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EDUCATING ENGINEERS FOR A GLOBAL WORLD

EDUCATING ENGINEERS FOR A GLOBAL WORLD

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EDUCATING ENGINEERS FOR A GLOBAL WORLD

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  1. EDUCATING ENGINEERS FOR A GLOBAL WORLD James L. Melsa President American Society for Engineering Education ECEDHA

  2. Outline of Presentation • Little background on ASEE • Why globalization is important • Results of survey of deans • What is ASEE doing • Suggestions ECEDHA

  3. ASEE • Founded in 1893 • Over 13, 000 individual members • Profession members currently at 9,614 up from 7,469 in 1993 • 400 colleges of engineering and engineering technology • 700 global online members • 100 corporations, professional organizations, governmental agencies ECEDHA

  4. ASEE Mission Statement • Further education in engineering • Exercise worldwide leadership • Foster the technological education of society • Influence corporate and government policies • Recognize outstanding contributions • Encourage youth to pursue careers in engineering • Influence the recruitment and retention of young faculty and underrepresented groups ECEDHA

  5. Globalization • In Search of Global Engineering Excellence “The ability to live and work in a global community is an important requirement for engineering graduates. They need to have broad engineering skills and know-how, and to be flexible and mobile, and able to work internationally.” • Need has been largely unaddressed in the US until recently ECEDHA

  6. Globalization • “In the new mental geography created by the railroad, humanity mastered distance. In the mental geography of e-commerce, distance has been eliminated. There is only one economy and only one market.” -- Peter Drucker • We in engineering education must understand the reality of one economy and one market. We must learn to think globally but act locally; that is, we must both acknowledge the importance of a global perspective and take action to ensure that our local environment satisfies this need for our students. ECEDHA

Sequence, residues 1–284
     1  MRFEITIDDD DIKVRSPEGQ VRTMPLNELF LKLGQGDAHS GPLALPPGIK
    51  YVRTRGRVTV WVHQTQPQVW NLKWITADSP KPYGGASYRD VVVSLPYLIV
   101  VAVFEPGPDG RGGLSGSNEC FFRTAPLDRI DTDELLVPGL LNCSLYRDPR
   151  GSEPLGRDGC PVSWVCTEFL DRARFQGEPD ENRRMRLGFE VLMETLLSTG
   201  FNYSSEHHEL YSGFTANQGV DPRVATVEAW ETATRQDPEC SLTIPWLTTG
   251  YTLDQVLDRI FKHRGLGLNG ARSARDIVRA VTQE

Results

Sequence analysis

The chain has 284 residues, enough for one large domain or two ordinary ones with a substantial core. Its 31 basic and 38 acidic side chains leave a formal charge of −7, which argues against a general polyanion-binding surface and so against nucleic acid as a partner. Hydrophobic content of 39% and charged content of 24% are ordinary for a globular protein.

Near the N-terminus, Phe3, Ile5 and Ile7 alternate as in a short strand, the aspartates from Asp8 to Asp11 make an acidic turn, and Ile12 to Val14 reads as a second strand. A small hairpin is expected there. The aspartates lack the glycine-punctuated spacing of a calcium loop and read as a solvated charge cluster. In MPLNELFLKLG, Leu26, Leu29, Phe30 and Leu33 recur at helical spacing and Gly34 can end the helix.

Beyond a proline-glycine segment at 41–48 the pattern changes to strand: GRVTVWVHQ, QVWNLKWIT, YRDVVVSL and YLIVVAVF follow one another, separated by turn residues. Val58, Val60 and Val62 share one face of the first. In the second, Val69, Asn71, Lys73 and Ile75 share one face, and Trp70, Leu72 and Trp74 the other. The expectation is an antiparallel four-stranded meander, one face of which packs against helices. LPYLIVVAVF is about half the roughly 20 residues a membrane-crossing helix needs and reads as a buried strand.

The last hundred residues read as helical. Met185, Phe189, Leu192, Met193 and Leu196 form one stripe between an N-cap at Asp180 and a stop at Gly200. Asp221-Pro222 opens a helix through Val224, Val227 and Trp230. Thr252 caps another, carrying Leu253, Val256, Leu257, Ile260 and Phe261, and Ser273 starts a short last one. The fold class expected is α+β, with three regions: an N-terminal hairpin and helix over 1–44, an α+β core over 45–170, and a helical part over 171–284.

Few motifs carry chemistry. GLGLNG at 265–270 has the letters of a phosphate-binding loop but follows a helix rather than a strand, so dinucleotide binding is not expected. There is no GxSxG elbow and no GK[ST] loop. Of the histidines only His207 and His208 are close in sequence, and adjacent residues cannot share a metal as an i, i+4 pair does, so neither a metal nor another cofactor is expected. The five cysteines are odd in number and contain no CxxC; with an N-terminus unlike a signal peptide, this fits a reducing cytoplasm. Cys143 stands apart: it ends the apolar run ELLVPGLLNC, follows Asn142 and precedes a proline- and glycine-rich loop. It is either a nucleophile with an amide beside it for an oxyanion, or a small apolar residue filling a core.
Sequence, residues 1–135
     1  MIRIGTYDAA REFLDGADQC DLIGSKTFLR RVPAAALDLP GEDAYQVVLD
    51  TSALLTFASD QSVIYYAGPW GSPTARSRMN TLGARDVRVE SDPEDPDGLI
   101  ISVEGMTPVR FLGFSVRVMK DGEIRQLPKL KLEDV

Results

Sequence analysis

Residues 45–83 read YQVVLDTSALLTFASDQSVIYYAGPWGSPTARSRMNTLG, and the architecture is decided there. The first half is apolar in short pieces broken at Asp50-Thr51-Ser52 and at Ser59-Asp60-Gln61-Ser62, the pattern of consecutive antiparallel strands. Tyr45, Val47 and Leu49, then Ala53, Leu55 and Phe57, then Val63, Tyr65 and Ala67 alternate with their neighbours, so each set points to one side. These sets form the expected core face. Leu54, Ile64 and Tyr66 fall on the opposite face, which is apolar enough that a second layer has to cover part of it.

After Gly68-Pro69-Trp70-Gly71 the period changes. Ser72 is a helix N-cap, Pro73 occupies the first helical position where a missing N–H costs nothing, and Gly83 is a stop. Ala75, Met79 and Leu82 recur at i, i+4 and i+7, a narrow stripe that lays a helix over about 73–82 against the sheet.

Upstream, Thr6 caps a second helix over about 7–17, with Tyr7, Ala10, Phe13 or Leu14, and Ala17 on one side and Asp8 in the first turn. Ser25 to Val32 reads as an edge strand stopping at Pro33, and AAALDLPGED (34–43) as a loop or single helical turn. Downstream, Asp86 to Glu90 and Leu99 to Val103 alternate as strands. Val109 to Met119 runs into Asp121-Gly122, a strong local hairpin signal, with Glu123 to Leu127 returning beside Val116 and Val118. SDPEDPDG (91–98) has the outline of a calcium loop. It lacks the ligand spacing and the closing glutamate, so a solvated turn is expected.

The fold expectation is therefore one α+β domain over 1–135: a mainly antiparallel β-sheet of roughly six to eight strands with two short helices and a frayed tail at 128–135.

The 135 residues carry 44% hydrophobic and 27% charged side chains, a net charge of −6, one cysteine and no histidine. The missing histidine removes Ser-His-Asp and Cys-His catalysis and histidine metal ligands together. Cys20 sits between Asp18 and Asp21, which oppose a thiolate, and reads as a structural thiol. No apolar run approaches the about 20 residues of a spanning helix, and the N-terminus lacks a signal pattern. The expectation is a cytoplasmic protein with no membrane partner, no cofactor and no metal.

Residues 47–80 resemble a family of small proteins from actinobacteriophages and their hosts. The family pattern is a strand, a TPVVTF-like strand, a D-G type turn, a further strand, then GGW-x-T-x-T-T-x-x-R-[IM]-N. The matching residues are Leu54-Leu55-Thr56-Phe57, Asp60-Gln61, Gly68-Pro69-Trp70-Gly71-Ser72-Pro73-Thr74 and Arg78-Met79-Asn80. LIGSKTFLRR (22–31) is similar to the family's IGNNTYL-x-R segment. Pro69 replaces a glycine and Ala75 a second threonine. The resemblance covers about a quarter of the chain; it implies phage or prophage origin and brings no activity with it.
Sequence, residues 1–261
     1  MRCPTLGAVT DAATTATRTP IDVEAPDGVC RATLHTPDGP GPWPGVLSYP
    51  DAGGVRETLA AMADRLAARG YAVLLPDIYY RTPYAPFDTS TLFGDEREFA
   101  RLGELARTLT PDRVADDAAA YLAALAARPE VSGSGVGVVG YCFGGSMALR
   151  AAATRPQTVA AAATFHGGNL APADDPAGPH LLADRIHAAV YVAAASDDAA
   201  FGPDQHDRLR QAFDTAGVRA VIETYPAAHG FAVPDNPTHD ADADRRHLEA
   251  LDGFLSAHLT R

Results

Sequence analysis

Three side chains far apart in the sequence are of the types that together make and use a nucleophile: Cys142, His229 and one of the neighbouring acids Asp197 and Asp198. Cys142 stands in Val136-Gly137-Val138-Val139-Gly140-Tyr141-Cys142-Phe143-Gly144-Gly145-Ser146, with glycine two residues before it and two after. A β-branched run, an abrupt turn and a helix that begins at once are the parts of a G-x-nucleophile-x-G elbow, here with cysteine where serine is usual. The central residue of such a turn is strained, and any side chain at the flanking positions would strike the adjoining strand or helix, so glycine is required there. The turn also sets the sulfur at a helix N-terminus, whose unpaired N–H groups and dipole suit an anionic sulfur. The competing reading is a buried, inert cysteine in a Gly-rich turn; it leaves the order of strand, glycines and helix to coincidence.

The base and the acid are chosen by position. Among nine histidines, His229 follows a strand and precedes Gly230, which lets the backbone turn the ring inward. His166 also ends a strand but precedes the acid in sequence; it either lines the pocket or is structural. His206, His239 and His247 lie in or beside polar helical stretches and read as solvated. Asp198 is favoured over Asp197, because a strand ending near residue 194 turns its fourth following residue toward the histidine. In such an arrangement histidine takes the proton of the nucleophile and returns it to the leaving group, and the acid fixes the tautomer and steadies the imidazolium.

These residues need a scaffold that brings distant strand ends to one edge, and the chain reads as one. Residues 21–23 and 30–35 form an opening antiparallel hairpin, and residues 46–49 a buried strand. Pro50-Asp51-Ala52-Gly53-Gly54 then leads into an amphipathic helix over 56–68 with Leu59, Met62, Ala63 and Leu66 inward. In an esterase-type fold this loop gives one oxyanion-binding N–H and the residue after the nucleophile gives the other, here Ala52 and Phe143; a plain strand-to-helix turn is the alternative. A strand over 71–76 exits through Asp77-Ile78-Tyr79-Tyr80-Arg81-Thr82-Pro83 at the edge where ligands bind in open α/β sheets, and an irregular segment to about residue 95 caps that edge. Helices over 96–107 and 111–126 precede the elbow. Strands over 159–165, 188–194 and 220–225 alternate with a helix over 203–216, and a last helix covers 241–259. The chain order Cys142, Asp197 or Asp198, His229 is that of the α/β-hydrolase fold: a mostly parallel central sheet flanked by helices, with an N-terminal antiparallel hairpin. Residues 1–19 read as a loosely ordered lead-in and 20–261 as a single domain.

7. Flat World • The world is becoming flat – economic competition between industrial countries and emerging market countries can no longer be separated • A flat world requires US engineers to be capable of working in a global context ECEDHA

  8. The Engineer of 2020 • Makes a number of important conclusions stating that the engineer of 2020 must be internationally cognizant • “Advances in communications, travel, and economics have created a world where no country is untouched by any other. In the United States the oceans that bound our coasts no longer insulate us from other nations. In this dynamic global economy and political environment, engineering must adjust to a new world view.” ECEDHA

  9. ABET’s Engineering Criteria 2000 • No specific requirement for international experience, but international experiences enhance a number of criteria • How to use international experience to meet ABET criterion is currently an active area of study ECEDHA

  10. Engineering Criteria 2000 • Criterion 3.c … an ability to design … within realistic constraints such as economic, environmental, social, political... • Criterion 3.h … understand the impact of engineering solutions in a global, economic, environmental, and societal context. • Criterion 3.j …a knowledge of contemporary issues. ECEDHA

  11. Informal Survey • Conducted to understand the state of international opportunities for engineering students • Quantify how engineering colleges are addressing globalization • Surveyed approximately 300 US engineering programs, with a response rate of approximately 15% ECEDHA

  12. International ExperienceIs Important • All colleges agree on importance • Some colleges report that a lack of faculty support or financial problems do not allow a program • Initiative often begins at administrative levels but needs faculty support ECEDHA